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Increased incidence of inguinal hernia in offspring of female survivors of childhood central nervous system tumors

Ji, Jianguang LU ; Sundquist, Jan LU and Sundquist, Kristina LU (2018) In International Journal of Cancer 143(3). p.591-596
Abstract

Female survivors of childhood central nervous system (CNS) tumors experience an increased risk of infertility and various pregnancy complications. We aimed to explore whether the incidence of inguinal hernia could be higher in offspring of female CNS tumor survivors as compared to the general population. Girls who were younger than 15 years of age and diagnosed with CNS tumors between 1958 and 2013 were identified from the Swedish Cancer Registry. By linking with the Swedish Medical Birth Registry, we identified 580 children who were born to mothers of CNS tumor survivors. After 9,662 person-years of follow-up, 23 of them were diagnosed with inguinal hernia, giving an incidence rate (IR) of 2.4 per 1,000 person-years, whereas the IR was... (More)

Female survivors of childhood central nervous system (CNS) tumors experience an increased risk of infertility and various pregnancy complications. We aimed to explore whether the incidence of inguinal hernia could be higher in offspring of female CNS tumor survivors as compared to the general population. Girls who were younger than 15 years of age and diagnosed with CNS tumors between 1958 and 2013 were identified from the Swedish Cancer Registry. By linking with the Swedish Medical Birth Registry, we identified 580 children who were born to mothers of CNS tumor survivors. After 9,662 person-years of follow-up, 23 of them were diagnosed with inguinal hernia, giving an incidence rate (IR) of 2.4 per 1,000 person-years, whereas the IR was 1.2 for the matched controls. Cox regression analysis was used to calculate the hazard ratio (HR) of inguinal hernia. After adjusting for some confounding factors, the incidence of inguinal hernia was significantly increased with an HR of 1.92 (95%CI 1.08-3.41). The association was predominant in offspring whose mothers were diagnosed with CNS tumors at the age of 10 and older, and with CNS tumors located in the brain.

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organization
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Contribution to journal
publication status
published
subject
keywords
Central Nervous System Neoplasms/complications, Child, Child, Preschool, Female, Hernia, Inguinal/epidemiology, Humans, Incidence, Male, Maternal Exposure/adverse effects, Pregnancy, Prenatal Exposure Delayed Effects, Proportional Hazards Models, Registries, Retrospective Studies, Sweden/epidemiology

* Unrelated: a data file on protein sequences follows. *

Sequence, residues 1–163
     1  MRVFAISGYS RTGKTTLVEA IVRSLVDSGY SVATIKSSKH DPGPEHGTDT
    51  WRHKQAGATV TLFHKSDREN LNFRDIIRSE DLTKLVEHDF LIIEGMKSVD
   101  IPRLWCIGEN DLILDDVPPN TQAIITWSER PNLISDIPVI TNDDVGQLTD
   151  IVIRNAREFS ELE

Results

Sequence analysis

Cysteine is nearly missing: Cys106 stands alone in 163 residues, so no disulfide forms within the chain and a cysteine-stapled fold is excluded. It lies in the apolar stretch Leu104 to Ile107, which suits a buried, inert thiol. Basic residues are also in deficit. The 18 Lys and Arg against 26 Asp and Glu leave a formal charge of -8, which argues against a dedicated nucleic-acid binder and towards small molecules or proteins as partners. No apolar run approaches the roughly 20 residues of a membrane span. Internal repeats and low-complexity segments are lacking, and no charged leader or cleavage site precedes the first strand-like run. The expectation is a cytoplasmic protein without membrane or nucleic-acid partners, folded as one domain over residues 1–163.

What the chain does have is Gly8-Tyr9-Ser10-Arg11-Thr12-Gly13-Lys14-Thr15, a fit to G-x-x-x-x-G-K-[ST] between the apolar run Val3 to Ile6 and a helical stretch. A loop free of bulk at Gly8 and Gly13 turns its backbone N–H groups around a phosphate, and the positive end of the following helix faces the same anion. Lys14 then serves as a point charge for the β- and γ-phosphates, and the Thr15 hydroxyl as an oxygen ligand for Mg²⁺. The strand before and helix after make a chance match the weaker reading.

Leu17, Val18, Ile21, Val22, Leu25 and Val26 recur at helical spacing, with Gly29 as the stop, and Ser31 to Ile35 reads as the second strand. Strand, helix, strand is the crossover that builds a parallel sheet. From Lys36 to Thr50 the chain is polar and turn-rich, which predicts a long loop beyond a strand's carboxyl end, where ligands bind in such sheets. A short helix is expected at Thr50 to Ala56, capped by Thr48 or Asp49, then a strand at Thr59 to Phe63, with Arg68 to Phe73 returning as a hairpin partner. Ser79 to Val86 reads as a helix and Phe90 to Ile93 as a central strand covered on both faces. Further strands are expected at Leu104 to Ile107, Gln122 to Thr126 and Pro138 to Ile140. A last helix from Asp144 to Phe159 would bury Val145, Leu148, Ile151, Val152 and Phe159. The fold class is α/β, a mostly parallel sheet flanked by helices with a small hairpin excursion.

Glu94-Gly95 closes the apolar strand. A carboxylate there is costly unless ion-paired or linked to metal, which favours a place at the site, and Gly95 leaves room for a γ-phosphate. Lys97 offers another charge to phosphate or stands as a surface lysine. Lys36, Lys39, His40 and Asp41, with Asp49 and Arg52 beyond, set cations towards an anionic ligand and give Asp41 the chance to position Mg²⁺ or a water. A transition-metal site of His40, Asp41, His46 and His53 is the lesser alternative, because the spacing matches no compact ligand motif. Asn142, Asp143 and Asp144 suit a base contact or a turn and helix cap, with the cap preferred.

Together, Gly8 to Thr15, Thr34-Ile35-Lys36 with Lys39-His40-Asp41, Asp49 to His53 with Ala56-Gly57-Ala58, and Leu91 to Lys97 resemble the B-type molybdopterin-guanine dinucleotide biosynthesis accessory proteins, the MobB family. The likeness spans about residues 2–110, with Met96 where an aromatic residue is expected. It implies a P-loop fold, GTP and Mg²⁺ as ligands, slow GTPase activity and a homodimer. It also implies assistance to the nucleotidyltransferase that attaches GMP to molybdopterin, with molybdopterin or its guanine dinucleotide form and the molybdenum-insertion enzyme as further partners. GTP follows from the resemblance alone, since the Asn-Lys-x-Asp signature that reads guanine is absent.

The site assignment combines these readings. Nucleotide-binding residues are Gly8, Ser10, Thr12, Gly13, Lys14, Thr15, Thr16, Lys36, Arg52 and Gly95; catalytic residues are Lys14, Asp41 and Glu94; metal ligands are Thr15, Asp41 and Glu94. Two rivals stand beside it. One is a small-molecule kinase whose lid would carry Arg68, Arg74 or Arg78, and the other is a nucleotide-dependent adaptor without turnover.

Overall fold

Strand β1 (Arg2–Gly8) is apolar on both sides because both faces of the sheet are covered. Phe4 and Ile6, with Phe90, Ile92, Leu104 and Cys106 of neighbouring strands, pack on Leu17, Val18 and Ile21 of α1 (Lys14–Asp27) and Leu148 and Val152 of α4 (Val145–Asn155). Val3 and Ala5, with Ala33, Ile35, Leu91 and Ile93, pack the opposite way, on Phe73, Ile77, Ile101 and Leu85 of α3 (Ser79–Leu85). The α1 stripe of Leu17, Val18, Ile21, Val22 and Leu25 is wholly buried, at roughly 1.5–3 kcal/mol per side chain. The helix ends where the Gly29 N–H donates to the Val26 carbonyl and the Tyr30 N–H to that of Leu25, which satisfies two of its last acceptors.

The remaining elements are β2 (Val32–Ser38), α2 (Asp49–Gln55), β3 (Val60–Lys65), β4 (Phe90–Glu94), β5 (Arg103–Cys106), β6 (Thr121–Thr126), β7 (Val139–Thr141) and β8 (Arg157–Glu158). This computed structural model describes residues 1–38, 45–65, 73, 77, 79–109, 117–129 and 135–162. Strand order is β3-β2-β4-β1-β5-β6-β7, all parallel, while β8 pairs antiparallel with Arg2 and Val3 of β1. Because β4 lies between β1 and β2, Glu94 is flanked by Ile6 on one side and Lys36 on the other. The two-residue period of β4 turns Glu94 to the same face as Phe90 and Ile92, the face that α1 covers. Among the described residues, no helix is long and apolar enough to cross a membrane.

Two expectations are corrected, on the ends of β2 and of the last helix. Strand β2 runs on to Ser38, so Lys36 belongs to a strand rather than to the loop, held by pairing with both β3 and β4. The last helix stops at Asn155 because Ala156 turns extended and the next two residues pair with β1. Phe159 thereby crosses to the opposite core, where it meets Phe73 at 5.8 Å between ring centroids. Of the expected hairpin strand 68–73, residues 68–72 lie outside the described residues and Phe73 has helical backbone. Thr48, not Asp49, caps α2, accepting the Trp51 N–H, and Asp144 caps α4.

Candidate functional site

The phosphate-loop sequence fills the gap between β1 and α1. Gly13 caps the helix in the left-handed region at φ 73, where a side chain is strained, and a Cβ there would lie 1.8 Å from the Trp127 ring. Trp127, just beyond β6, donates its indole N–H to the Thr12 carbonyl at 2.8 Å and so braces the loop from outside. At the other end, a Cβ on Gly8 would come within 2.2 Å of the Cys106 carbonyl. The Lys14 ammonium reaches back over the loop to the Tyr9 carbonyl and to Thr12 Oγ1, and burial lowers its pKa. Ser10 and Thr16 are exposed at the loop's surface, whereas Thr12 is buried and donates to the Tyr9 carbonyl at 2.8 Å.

in
International Journal of Cancer
volume
143
issue
3
pages
6 pages
publisher
John Wiley & Sons
external identifiers
  • scopus:85043376770
ISSN
0020-7136
DOI
10.1002/ijc.31340
language
English
LU publication?
yes
id
c08e38b9-d9c3-4110-807a-95e6681ad021
date added to LUP
2019-01-30 10:54:19
date last changed
2019-03-19 04:04:44
@article{c08e38b9-d9c3-4110-807a-95e6681ad021,
  abstract     = {<p>Female survivors of childhood central nervous system (CNS) tumors experience an increased risk of infertility and various pregnancy complications. We aimed to explore whether the incidence of inguinal hernia could be higher in offspring of female CNS tumor survivors as compared to the general population. Girls who were younger than 15 years of age and diagnosed with CNS tumors between 1958 and 2013 were identified from the Swedish Cancer Registry. By linking with the Swedish Medical Birth Registry, we identified 580 children who were born to mothers of CNS tumor survivors. After 9,662 person-years of follow-up, 23 of them were diagnosed with inguinal hernia, giving an incidence rate (IR) of 2.4 per 1,000 person-years, whereas the IR was 1.2 for the matched controls. Cox regression analysis was used to calculate the hazard ratio (HR) of inguinal hernia. After adjusting for some confounding factors, the incidence of inguinal hernia was significantly increased with an HR of 1.92 (95%CI 1.08-3.41). The association was predominant in offspring whose mothers were diagnosed with CNS tumors at the age of 10 and older, and with CNS tumors located in the brain.</p>},
  author       = {Ji, Jianguang and Sundquist, Jan and Sundquist, Kristina},
  issn         = {0020-7136},
  keyword      = {Central Nervous System Neoplasms/complications,Child,Child, Preschool,Female,Hernia, Inguinal/epidemiology,Humans,Incidence,Male,Maternal Exposure/adverse effects,Pregnancy,Prenatal Exposure Delayed Effects,Proportional Hazards Models,Registries,Retrospective Studies,Sweden/epidemiology},
  language     = {eng},
  month        = {08},
  number       = {3},
  pages        = {591--596},
  publisher    = {John Wiley & Sons},
  series       = {International Journal of Cancer},
  title        = {Increased incidence of inguinal hernia in offspring of female survivors of childhood central nervous system tumors},
  url          = {http://dx.doi.org/10.1002/ijc.31340},
  volume       = {143},
  year         = {2018},
}